Multiple Vaisnava commentaries deepen understanding of Bhagavad-gita
Posted October 26, 2003
Recently, Danavir Goswami wrote an article, "Battlefield Fancy", posted on www.dipika.org, which reviewed a book written by Tripurari Swami. That reviwew was not submitted to Chakra, and would not have been published in any case, as it did not meet our editorial guidelines. The reviewer did not mention the name of the book or its author, and Umapati Swami, the editor of the Dipika site, writes, "I did not know the book was written by Tripurari Maharaja."
Umapati Maharaja contends that Danavir Maharaja properly concealed the name of the author from him, and from his readers, "because he was only interested in defeating a philosophical point of view that he fears may be creeping into ISKCON." Umapati Maharaja has offered devotees an opportunity to rebut Danavir Maharaja's analysis, though carefully delineating the terms of acceptable replies. Here is one such response from a Dutch devotee, also sent to Chakra:
Dear Umapati Maharaja,
Pranams. You wrote:
Here is what I will print: statements showing that the book does not encourage such mixing of rasas or proof that Srila Prabhupada did indeed allow it. Danavir Maharaja made two points: that the book encourages this mixing and that Srila Prabhupada was opposed to it. If you cannot refute either of these points, you have no valid objection.
I'm just a young bhakta, not interested in a debate. But when in 1997 I was working on a new Dutch translation of Bhagavad-gita As It Is, I started collecting different translations from different authors, among whom were Bhaktivinoda Thakura, Visvanatha Cakravarti Thakura and others, such as the medieval Sridhara Swami and also Srila Prabhupada's godbrother Srila B.R. Sridhara Maharaja. In this period I learnt that it's possible to translate Bhagavad-gita in different ways, yet all within the boundaries of the Gaudiya Vaisnava conception.
Being a collector of Vaisnava Bhagavad-gita translations, I naturally also obtained a copy of Bhagavad-gita: Its Feeling and Philosophy, This book is not intended to replace Bhagavad-gita As It Is, just like the Gitamrta Reading by Purnacandra dasa was not intended as such. That reading, which is still available in many ISKCON shops, contains references to Krishna's feelings and relationship with the gopis.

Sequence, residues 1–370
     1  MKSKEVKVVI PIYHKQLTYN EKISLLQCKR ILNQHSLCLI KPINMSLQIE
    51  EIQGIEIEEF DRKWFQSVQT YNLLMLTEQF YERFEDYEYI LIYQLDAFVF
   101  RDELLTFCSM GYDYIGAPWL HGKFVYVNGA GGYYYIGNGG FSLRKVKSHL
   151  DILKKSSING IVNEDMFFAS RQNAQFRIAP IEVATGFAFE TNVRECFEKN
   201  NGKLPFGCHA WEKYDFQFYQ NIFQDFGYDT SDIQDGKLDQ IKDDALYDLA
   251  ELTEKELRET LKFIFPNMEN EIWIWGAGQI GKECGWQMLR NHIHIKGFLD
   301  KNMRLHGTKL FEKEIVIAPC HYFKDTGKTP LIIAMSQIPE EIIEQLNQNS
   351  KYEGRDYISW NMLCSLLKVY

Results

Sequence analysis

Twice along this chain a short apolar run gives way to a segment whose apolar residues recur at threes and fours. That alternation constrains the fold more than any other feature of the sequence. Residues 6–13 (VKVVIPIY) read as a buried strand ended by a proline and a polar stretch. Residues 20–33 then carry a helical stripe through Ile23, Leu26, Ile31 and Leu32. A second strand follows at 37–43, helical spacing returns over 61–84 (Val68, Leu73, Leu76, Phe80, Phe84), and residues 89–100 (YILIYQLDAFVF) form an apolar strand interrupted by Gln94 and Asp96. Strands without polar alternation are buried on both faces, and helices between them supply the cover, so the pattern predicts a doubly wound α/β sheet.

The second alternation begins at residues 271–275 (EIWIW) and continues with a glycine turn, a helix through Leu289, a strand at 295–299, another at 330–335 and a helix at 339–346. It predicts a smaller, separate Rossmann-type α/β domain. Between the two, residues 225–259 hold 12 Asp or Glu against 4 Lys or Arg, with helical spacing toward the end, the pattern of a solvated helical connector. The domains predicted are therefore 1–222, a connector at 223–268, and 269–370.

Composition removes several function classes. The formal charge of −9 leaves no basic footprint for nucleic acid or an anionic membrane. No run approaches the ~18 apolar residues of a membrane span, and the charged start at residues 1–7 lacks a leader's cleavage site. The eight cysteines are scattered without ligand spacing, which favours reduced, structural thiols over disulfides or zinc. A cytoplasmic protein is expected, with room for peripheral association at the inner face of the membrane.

Nor is Swami Tripurari's book trying to prove that Bhagavad-gita is only about Vraja-lila and not about yoga or the war of Kuruksetra. It simply invites us to consider the possible feelings behind the words, as indicated by those Acaryas of the past who had learnt to see Krishna's intimate love everywhere.
The term "mixing of rasas", if applied to the words of acaryas like Bhaktivinoda and Visvanatha Thakura, is of course offensive. Because the translation and commentary of Tripurari Maharaja's book are directly based on the insights of such highly regarded Gaudiya preachers, the term "mixing of rasas" should also not be used. In other words: the book does not engage in "the mixing of rasas." Whoever wants to conclude otherwise is unfortunately "overstepping" the previous Acaryas and therefore making a grave offence.
The second statement, namely that Srila Prabhupada was not opposed to mixing of rasas is meaningless. Yes, Srila Prabhupada was against mixing of rasas, but he was in favour of those translations and commentaries based on the insights of previous Acaryas. Since Bhagavad-gita, Its Feeling and Philosophy doesn't contain mixing of rasas, this issue need not be addressed further.
Why should we oppose the idea that Mother Sarasvati can inspire poets to express multiple meanings through a particular verse or poem? Why suggest that lord Sri Krishna cannot do so? Indeed, if Lord Sri Krishna found it necessary to again descend personally as Sri Caitanya Mahaprabhu in order to propagate sankirtana in the mood of the gopis of Vrindavan (Siksastaka verses 7 & 8, or most of Caitanya-caritamrta madhya and antya lila), why wouldn't He have (indirectly) expressed this confidential abhideya and prayojana in Bhagavad-gita, the topmost yoga-sastra?